Summary (taken from Goodreads):
We live in the same place, but never together.
Summer for Sasha and Ray means the sprawling old house on Long Island. Since they were children, they’ve shared almost everything—reading the same books, running down the same sandy footpaths to the beach, eating peaches from the same market, laughing around the same sun-soaked dining table. Even sleeping in the same bed, on the very same worn cotton sheets. But they’ve never met.
Sasha’s dad was once married to Ray’s mom, and together they had three daughters. But the marriage crumbled and the bitterness lingered. Now there are two new families—and neither one will give up the beach house that holds the memories, happy and sad, of summers past.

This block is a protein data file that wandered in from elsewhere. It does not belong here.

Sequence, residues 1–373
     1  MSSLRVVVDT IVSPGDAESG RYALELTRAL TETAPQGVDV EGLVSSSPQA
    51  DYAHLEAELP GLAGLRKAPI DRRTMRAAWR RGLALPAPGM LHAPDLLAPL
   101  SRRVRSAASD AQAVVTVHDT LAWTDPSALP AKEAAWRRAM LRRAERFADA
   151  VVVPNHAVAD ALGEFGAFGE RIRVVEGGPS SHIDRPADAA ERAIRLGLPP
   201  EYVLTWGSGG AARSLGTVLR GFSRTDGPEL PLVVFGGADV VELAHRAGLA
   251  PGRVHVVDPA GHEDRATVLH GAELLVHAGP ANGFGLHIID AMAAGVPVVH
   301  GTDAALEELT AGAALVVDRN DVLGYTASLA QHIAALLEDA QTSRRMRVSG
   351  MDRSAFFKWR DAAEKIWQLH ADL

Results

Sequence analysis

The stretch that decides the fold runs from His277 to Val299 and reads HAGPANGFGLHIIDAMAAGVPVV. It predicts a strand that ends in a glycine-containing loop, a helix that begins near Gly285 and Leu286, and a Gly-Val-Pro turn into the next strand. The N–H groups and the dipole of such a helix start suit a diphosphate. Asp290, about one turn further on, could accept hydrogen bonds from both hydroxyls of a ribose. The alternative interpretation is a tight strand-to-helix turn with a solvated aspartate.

As a lover of “The Sisterhood of the Travelling Pants”, I was really excited to read this book. I was disappointed. Despite the cool/fun premise, “The Whole Thing Together” hardly delivers. There are some problematic sexist/racist elements in the book, and a whole lot of the “she’s not like other girls” trope. The main characters are bland, hard to relate to, at times downright mean, and boring. I hoped it would be a sort of sweet, “finding friends in unexpected places” relationship from which they could grow as people. Alas, it was romance. Their particular romance is icky and weird. I mean, if you have to clarify that it’s not technically incest, something is wrong. Despite these things, some of the supporting characters were actually quite likeable. Their stories stopped me from abandoning the book completely, as well as a couple well written sequences.
In all, “The Whole Thing Together” is not completely horrible, but I wouldn’t really recommend it to anyone either.